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Jul 20, 2020, 17:08 PM
<8.5-min. read> Students fearful of clinical can be a hazard to themselves and clients. But expert educators offer tips to help, such as using debriefing and nursing simulation.


VCS Negative Clinical Experience infographicYou don’t need a stack of research articles to know nursing students typically lack confidence when they enter the clinical setting. You can likely speak from personal experience about the fear and uncertainty students have described after the first time they interacted directly with clients.

Research, however, does support that gut feeling of nervousness you have on behalf of your students.

In June, an article in the "Journal of Professional Nursing" noted:

“Due to the demanding nature of critical-care settings, students are prone to experience stress and lack of confidence, which hinders their learning and affects patient care.”1

An even more recent article, in the July issue of "Nurse Education Today," noted:

“Many students have anxiety about clinical rotations.”2

But what specifically is the result of students who lack confidence when they enter the clinical setting?

What can you do to help?

And how can you support students whose negative clinical experience exacerbates their lack of confidence?

We asked 7 seasoned, expert nurse educators for some advice.



Larissa BairLarissa Bair, MSN, RN, CEN, has seen insecure new nurses and students flounder in her career as a preceptor in the E.R., as a faculty member for several nursing programs, and in her current role as an NCLEX Services Manager for ATI.

“When a new nurse lacks confidence in clinicals, they are unable to safely advocate for patients,” Bair says. “A lack of confidence can cloud judgment or make a nurse second-guess their clinical decision-making. Being confident in clinicals can lead to safer outcomes for patients,” she explains. 

Dianna JohnstonDianna Johnston, DNP, RN, NE-BC, CNE, has seen the same outcomes with students. A decorated wartime veteran who served in the U.S. Air Force and has received numerous teaching awards, Dr. Johnston currently works as a Nursing Education Consultant for ATI. She says that students who lack confidence in the clinical setting can present in myriad ways.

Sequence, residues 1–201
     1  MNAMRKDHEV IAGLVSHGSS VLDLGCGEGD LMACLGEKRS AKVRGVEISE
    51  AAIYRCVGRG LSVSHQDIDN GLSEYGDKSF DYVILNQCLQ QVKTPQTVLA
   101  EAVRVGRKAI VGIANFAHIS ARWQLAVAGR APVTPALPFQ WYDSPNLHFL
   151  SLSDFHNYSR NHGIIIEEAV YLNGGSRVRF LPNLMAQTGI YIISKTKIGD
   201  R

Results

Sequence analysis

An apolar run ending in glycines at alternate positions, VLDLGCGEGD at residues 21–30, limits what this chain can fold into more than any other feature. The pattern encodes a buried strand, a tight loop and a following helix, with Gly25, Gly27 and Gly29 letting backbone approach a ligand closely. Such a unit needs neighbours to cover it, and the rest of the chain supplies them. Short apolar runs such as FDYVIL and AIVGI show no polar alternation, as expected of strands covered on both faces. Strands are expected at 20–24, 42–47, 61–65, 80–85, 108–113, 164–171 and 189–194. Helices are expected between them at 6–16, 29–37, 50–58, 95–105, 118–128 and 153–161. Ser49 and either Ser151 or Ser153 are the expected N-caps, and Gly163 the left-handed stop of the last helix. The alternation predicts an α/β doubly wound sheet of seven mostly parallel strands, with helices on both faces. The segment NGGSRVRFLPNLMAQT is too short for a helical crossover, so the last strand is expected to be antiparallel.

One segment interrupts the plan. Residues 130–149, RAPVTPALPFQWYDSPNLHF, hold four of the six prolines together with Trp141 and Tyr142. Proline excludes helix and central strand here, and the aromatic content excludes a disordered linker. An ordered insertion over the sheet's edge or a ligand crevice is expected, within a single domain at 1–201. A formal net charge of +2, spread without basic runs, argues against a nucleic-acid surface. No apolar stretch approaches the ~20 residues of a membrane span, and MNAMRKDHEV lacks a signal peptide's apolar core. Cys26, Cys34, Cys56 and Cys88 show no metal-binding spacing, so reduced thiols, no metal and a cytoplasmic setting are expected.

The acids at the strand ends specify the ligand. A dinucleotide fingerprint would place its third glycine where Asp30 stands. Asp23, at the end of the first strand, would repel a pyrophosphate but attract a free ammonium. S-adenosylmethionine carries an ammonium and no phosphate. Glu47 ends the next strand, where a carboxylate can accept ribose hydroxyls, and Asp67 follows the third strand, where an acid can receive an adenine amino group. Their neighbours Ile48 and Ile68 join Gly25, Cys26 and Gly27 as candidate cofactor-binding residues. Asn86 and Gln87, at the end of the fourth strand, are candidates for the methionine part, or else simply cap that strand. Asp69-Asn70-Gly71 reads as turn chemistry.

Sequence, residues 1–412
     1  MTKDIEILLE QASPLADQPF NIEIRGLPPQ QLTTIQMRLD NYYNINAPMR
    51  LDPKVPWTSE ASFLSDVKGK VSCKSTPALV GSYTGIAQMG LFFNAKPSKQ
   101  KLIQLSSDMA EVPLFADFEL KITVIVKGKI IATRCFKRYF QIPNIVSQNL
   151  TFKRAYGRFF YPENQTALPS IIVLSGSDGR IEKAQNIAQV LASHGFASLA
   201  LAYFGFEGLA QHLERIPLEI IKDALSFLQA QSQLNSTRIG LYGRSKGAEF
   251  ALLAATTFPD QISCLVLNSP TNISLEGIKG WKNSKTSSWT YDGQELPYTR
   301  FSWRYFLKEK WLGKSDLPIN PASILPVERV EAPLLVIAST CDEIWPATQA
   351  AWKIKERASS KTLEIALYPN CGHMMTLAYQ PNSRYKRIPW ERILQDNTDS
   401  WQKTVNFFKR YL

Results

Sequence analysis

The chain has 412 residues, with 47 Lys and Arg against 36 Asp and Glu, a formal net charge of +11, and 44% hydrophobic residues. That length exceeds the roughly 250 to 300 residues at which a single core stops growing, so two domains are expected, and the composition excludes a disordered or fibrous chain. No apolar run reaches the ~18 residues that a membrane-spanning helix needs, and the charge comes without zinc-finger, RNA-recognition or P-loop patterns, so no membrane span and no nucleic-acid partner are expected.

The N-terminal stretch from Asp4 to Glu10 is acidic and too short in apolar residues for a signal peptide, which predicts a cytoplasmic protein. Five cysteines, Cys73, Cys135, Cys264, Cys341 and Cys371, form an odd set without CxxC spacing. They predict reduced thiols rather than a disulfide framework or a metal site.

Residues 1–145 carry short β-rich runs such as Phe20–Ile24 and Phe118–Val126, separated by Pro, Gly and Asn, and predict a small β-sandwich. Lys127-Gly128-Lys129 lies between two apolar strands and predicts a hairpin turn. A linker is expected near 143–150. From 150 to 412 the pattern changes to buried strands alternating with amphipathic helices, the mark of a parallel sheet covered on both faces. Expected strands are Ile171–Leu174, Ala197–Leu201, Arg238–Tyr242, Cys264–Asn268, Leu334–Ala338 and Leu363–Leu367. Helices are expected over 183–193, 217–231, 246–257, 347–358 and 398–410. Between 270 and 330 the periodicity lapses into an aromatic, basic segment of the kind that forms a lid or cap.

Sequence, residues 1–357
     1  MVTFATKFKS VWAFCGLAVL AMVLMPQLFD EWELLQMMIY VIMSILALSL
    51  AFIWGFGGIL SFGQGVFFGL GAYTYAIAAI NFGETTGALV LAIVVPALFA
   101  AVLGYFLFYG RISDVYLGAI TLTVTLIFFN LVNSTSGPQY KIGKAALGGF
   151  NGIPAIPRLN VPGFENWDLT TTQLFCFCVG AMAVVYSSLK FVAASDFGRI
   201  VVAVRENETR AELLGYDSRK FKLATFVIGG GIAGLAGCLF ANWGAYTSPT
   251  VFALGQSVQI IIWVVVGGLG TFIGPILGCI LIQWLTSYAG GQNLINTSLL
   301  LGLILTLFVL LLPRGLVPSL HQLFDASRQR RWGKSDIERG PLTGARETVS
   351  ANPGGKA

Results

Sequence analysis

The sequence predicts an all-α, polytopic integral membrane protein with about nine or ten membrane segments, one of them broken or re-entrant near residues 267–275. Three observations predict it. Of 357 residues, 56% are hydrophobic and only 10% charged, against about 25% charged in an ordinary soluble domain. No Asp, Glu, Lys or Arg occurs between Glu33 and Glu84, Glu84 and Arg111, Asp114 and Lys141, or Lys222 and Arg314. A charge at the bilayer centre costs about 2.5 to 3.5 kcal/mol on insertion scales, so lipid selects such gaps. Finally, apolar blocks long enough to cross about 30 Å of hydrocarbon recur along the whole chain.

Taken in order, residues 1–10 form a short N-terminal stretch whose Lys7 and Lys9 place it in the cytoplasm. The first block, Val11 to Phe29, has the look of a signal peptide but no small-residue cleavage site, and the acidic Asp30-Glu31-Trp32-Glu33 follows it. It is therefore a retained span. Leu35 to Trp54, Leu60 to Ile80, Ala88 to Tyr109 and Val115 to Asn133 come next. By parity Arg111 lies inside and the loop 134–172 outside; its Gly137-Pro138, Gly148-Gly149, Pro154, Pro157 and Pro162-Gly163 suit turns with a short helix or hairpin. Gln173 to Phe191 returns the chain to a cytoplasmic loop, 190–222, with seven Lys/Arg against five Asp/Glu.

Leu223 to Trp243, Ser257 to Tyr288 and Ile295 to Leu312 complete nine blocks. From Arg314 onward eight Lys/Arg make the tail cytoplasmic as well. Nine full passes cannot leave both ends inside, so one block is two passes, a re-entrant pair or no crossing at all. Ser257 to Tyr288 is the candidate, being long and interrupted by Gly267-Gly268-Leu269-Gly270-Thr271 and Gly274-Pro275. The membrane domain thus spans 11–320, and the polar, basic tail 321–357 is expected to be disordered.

“They will find ways to ‘live’ in the areas of comfort,” she explains. “For instance, if they are a CNA, they will focus on those tasks they know well. Although the facilities appreciate that help, it detracts from the students’ ability to think and act like a nurse.”

Similarly, students may ask their instructor or assigned nurse to “let them watch” rather than performing the nursing skill. “Others,” she adds, “may find places to hide.”

On the more ominous side, she says, students may present with a false sense of security. That facade can put a patient at risk. 

“These students require much more supervision,” she explains, “and that takes the instructor away from the remaining student group.”


Karen Taylor“Students don’t know what they don’t know,” says Karen Taylor, DNP, RN, BSN, MSN. “In other words, they’ve never been on the floor, trying to do one skill on one patient, while there are 20 other skills and patients that need to be addressed, while charting on the last 20 things you did, while a provider is asking you questions, and the call light is going off … and on and on.”

Dr. Taylor’s experience as a labor and delivery nurse, travel nurse, staff nurse, and educator eventually led to her position as an Integration Specialist Nurse Educator at ATI. She’s seen how anxious students can get while learning the most basic nursing skills — which, in actuality, are extremely complex. And that complexity is intensified when students suddenly must perform multiple skills simultaneously.

She recommends advising apprehensive students to practice skills as much as possible before stepping foot in a clinical setting.

“By practicing in a ‘safe’ environment, like virtual simulations,” she says, “they can focus on feeling comfortable with individual skills or concepts without the fear of hurting the patient or the distractions of multi-tasking.”

Building that confidence gives the student a better chance of success in multi-tasking, communicating with providers and clients, and performing other, more complex tasks, she explains.

“Clinicals are filled with pressure, and students become overwhelmed, because they are so task-oriented,” she adds. “Practicing prior to the real thing is key to a successful experience.”


Kendra Lindloff